|June 24, 2010|
|ProPublica Pays 'Market Rates' for Editors|
|By Jack O'Dwyer|
|Richard Tofel, treasurer and general manager of ProPublica, the group of journalists funded by private foundations, answering charges that leaders of the group are overpaid, said the group pays "market rates" in order to attract the finest journalists.|
Pay/fringes/payroll taxes of the eight highest-paid employees totaled $2,049,935 in 2008, the latest figure available (from IRS Form 990). Total such pay for all employees was $4,005,731 in 2008.
Form 990 for 2009 will be available by Aug. 15, said Tofel (pictured).
He said the pay of president/editor-in-chief Paul Steiger has not increased since 2008, indicating he was paid $570,000 in salary for 2009 and 2010.
"In general," said Tofel in an e-mail, "salaries were frozen in 2010 at levels put in place on Jan. 1, 2009."
Salaries of Steiger, managing editor Stephen Engelberg ($451,972), and Tofel ($296,370) are "set by our board and are based on an independent appraisal of news industry comparables — it's the news business, not non-profits per se, from which we generally draw our talent, and we have aimed to pay market rates in all cases," Tofel said.
Since the salaries/benefits of the eight employees listed in the 2008 Form 990 totaled $2,049,935, the indication is that just over $6 million will have been paid to the eight as of the end of this year.
990 for 2009 Not Yet Filed
Tofel said that the 990 for 2009 is not yet ready but will be filed by Aug. 15, the second deadline for such filings.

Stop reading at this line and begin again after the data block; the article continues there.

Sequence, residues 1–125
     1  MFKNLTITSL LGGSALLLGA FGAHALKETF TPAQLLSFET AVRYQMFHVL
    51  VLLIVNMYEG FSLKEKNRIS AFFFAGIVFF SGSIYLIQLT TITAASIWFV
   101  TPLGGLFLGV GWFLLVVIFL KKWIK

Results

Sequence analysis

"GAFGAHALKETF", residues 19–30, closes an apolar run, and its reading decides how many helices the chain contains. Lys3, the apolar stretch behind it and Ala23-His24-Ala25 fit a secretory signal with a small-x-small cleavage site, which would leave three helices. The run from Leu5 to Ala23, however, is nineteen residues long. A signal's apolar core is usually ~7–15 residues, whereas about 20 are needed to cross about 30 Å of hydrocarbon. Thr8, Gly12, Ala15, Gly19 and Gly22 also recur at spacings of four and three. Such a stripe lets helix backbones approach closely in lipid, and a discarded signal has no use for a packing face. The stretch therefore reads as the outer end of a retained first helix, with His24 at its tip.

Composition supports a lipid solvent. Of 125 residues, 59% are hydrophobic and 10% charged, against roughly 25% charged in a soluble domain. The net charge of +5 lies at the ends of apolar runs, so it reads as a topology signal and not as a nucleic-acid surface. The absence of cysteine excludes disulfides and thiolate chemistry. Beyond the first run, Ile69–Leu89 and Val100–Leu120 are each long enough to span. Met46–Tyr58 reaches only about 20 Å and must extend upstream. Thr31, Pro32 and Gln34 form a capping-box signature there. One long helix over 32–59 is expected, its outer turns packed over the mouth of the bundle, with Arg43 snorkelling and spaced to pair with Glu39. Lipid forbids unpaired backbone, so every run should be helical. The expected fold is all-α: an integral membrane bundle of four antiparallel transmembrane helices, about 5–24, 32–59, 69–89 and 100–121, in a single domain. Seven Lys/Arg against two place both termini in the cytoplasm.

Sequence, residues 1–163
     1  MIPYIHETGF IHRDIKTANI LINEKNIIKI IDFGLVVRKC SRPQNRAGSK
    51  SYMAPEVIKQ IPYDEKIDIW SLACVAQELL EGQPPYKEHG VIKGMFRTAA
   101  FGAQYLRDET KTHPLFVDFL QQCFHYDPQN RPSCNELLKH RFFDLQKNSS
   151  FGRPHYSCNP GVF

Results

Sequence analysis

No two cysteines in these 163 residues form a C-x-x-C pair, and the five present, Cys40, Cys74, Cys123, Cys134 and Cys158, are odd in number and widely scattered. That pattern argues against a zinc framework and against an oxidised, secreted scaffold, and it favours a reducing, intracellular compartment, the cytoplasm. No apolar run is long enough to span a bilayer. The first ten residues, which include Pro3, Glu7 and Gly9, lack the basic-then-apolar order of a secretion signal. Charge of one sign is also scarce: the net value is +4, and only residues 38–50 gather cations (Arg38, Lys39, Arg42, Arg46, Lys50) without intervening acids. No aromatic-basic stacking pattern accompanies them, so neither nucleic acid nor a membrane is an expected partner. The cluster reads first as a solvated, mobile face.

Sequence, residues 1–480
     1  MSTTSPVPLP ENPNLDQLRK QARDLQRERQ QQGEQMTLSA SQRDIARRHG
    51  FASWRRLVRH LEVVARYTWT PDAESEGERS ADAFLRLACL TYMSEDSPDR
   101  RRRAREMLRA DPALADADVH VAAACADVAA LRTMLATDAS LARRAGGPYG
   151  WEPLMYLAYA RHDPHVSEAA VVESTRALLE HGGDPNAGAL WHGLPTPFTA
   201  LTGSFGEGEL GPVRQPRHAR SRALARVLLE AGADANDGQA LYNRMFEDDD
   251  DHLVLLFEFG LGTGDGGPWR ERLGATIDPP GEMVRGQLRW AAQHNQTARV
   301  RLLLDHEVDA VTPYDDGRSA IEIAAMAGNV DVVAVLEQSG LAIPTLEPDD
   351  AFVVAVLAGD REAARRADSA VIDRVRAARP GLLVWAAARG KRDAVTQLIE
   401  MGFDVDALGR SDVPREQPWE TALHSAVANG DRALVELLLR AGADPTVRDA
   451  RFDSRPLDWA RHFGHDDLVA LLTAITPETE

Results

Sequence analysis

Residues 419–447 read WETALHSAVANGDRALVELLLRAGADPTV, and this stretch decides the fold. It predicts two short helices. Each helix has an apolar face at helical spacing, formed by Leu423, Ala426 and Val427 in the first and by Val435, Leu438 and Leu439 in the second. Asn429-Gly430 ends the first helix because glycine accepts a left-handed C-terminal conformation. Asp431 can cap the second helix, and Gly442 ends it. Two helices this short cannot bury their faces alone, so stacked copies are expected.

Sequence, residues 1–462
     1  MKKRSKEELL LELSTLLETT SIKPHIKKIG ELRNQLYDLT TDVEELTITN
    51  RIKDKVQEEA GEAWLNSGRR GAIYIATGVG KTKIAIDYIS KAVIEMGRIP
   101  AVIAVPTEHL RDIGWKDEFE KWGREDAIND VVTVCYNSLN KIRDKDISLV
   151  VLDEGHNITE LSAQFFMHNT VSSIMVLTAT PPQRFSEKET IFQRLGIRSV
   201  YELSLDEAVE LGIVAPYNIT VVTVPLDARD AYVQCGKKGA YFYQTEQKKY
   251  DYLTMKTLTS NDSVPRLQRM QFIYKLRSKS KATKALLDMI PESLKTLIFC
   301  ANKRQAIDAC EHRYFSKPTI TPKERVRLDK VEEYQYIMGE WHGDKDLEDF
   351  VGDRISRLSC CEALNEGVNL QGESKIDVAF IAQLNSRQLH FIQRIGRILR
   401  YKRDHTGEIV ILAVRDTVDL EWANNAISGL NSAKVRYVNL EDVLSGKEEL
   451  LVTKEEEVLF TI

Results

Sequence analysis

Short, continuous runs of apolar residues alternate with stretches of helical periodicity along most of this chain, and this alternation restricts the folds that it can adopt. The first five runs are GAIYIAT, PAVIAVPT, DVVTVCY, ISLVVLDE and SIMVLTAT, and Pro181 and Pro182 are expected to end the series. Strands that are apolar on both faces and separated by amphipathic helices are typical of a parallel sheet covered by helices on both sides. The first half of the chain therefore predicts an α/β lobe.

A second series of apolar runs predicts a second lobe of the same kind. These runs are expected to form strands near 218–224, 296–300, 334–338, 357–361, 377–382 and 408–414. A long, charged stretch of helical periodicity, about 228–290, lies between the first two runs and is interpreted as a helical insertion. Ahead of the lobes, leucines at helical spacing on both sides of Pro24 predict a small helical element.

First deadline is May 15 and the last deadline is Nov. 15 Non-profits have to request an extension if they miss one of the filing dates.
Salary information is available early in the year because companies have to give their employees W-2s by Jan. 31.
There is a 2009 financial report on the ProPublica website but it does not contain information on salary and benefits.
ProPublica is a 501/c/3 non-profit, a category reserved for charitable and educational institutions that must obtain a certain percentage of their funding from the public (such as the Red Cross and United Way).
The line between c/3’s and 501/c/6’s (trade organization) is often blurred.
The Arthur W. Page Society, which collects dues and offers many benefits to a select group of members, is a c/3.
Normally, anyone can contribute to a charity and “join” it. Only about 360 PR executives are members of Page, which has a number of membership requirements.
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